Has is it ever crossed your mind on chasing the digital nomad lifestyle? I happened to settle for it early this year when I lost my first white collar job. I have always had passion for exploring the world a lot and digital nomadism seemed like the perfect idea for me. Well I had very many places in mind but India seemed to get most of my attention the most due to its diverse cultures, monuments and areas to explore ranging from exotic cities, ancient ruins, religious structures and a diverse land scape with a wide variety of tourist attractions.
Working remotely from India however was not a walk in the park like many of you perceive it to be. It sure had its fair share of challenges that include:
Paper Work Management in India
Registration at the (Foreigner Regional Registration Office) FRRO is one of the vital steps you will undergo. Despite having all the documents in place you are expected to go back at least twice before being certified with an FRRO certificate. The rules and requirements keep changing and sometimes you may be asked to bring documents that weren’t listed. The FRRO is surely not the best way to have as a first encounter in India but once you overcome it, you are good to go.
Banking and Compliance
Carrying cash has never been a safe option for me. While I was working remotely from India, I found using my home debit card to withdraw cash in the local currencies very expensive. Mostly I use PayPal as my means of payment off which wasn’t a better option as their cross border fees happened to be very high. I got to learn that transfer Wise have made international transfers more affordable; and offer borderless accounts that can hold money up to 28 currencies making the digital nomad’s lifestyle easier.
The most appropriate way of running your business as a freelancer and a digital nomad is becoming an Estonian E-resident. After this you can create an Estonian limited company that you can manage from anywhere in the world. It enables you to connect to your business online directly. LeapIN helps you establish your company and take care of your accounting, taxation and any other legal compliance.
Internet accessibility in India is not that good for a remote worker in India. I happened to settle in Goa where the internet really sucks. Many budget able guesthouses lacked Wi-Fi and online booking services were not offered. There is also frequent power shortage which implies that good connection might not be accessible all the time. Normally you can access good Wi-Fi at most coffee shops in major cities across India. If you are working remotely it becomes expensive taking countless cups of coffee just to utilize the free Wi-Fi. Getting an Indian sim card can be a great solution but then it involves intensive paper work and a bureaucratic process that takes some days to get connected.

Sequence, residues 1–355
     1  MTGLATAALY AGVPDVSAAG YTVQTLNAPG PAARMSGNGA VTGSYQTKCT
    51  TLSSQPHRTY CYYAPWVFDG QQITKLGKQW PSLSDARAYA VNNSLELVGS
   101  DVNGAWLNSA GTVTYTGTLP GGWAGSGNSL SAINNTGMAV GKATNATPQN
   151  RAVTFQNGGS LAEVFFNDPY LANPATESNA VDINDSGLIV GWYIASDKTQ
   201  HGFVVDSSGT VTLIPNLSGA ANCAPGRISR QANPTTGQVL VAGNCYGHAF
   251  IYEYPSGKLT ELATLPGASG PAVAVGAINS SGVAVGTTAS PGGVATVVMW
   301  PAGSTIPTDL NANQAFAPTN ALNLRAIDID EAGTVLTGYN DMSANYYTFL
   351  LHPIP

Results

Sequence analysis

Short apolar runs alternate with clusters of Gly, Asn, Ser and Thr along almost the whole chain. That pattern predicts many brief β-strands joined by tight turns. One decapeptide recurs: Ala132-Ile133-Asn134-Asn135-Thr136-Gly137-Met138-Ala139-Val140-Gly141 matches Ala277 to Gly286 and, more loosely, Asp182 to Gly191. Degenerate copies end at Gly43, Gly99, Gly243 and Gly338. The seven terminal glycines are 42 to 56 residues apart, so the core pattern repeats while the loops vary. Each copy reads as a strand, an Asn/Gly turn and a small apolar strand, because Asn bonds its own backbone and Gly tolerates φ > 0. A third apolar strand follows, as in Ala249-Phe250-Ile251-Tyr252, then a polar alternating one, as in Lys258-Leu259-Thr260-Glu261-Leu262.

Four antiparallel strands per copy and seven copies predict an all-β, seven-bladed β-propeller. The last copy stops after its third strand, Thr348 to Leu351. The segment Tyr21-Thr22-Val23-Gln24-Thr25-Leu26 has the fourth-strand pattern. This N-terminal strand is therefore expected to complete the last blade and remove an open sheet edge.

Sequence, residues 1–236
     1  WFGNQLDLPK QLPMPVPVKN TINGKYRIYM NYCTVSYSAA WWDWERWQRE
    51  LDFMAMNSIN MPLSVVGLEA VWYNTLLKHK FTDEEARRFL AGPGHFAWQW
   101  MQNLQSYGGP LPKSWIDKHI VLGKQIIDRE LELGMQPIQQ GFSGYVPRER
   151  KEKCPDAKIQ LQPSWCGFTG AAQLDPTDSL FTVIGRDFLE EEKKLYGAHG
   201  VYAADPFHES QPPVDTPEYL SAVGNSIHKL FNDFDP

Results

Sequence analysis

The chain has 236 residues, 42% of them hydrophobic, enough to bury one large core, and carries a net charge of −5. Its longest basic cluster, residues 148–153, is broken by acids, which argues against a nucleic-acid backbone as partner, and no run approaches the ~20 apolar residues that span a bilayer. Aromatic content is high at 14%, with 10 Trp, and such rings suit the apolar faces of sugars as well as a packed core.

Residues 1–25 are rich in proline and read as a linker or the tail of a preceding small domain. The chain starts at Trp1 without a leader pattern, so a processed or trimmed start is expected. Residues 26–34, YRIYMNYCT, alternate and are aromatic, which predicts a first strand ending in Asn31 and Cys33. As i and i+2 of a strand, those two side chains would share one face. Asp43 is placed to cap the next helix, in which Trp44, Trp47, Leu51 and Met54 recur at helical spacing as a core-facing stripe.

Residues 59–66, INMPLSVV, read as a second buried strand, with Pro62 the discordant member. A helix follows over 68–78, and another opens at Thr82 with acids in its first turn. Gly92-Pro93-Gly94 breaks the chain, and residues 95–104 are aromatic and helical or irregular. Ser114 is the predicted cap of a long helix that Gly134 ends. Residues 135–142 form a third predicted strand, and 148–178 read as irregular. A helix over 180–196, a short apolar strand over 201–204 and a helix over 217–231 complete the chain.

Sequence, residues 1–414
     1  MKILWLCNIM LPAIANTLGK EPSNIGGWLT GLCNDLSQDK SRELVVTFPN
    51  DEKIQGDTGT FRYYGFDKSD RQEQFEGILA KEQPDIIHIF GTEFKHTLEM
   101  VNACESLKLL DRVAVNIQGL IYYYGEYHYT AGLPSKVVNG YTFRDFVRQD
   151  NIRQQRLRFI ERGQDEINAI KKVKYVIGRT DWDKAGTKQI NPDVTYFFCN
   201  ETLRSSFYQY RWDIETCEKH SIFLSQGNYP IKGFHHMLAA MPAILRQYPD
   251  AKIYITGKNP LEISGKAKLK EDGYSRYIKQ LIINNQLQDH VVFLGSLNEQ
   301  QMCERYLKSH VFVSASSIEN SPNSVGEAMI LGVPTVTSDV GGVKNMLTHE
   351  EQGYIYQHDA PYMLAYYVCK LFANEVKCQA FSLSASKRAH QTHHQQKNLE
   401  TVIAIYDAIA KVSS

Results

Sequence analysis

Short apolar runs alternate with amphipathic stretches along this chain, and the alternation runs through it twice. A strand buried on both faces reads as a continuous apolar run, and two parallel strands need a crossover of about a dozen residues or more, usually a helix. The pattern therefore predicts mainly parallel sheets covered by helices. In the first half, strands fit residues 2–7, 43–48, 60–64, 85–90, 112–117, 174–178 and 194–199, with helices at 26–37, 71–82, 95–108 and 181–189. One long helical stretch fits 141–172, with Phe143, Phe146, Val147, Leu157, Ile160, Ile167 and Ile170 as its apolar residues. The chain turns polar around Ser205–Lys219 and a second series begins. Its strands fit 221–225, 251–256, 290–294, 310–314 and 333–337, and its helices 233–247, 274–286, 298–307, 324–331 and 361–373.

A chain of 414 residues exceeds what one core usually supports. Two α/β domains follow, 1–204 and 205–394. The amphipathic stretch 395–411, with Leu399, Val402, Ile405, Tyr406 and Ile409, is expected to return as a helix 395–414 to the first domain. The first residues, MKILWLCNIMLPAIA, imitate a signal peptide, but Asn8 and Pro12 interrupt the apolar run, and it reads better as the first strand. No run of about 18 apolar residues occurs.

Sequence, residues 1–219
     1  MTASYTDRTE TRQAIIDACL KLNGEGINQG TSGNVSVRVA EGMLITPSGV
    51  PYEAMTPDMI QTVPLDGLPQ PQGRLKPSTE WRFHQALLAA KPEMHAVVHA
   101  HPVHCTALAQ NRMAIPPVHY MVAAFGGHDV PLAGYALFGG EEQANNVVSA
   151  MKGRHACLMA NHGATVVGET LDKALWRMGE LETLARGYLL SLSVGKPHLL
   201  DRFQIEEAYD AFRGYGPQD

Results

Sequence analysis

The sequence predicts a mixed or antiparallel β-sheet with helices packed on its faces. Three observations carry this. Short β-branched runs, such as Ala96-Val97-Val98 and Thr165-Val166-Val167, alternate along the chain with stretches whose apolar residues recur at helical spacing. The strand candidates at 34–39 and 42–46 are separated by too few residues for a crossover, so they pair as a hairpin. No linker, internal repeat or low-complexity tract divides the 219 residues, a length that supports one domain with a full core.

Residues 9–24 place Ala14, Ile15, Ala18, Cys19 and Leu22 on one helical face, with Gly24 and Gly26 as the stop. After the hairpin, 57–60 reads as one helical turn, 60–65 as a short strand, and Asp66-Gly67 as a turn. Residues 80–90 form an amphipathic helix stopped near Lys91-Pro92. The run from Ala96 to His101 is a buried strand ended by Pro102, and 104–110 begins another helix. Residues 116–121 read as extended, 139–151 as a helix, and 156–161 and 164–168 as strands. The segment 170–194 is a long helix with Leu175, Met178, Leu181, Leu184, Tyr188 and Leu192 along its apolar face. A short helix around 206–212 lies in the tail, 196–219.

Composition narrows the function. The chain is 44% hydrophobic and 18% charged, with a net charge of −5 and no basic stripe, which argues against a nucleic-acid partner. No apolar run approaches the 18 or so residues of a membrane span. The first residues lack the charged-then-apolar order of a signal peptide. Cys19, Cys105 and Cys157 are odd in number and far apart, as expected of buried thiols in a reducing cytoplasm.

This was the greatest challenge I faced. Indian delicacies are spicier and very hot for most digital nomads. I found locally vended street foods too oily and spicy that may lead to digestion problems. There are luxurious restaurants with your desired type of food and international eateries like KFC and MC Donald’s that are pretty much expensive in the major Indian cities. I preferred the locally vended food as it saved my money a lot. On the other hand if you prefer cooking your own meal, getting your preferred ingredients used back at home may be quite a hassle due to miscommunication.
Local Transportation – Travelling While Working in India can be very cumbersome. The taxi cab drivers and auto rickshaw drivers are very cunning and always find a way to source extra money from you to cater for the transport cost. If you have no knowledge on the local fares you might end up spending more than what is expected. Some cheeky drivers even take a longer route than the usual to keep the meter running for a longer time, with this kind of dishonesty they can even get to an extra mile of robbing you if you are on your own. It is highly advisable to undertake a little research about the private cab drivers just to be safe.
Some of the Indian natives are not concerned with hygiene practices and maintaining their environment clean. I would put the blame it on the large population and illiteracy. The cities in India are crowded with shanties all over. You will face a very ugly scene especially on hygienic practices in public places like local transportation and trains, affordable hotels and the public toilets. Crowded places happen to be noisy and would not be an ideal place for a digital nomad who is strictly there for work purposes and requires silence.
Despite English being one of the national languages here, remote workers in India face language barrier especially following the new accent from digital nomads and vice versa. This may lead to miscommunication especially if the parties involved have very strong accent associated problems. Digital nomads face this especially when purchasing essentials in markets and with the taxi cab drivers of whom majority don’t understand English.
No matter where you are, a medical insurance is very important. In case of any emergencies a policy is highly needed. Digital nomads in India are required to have medical insurances which are charged monthly. This is dependent on your length of stay. Purchasing medical insurance relatively becomes cheaper if your vacation lasts for a longer period of time.
Digital Nomadism may sound to be a very promising career choice. Remote workers in India get a whole experience of being in a beautiful and diversified country, not forgetting their rich cultures and sight taking sceneries. But just like any other occupation you have to face the challenges associated with your work place. After all life is not always butter and bread.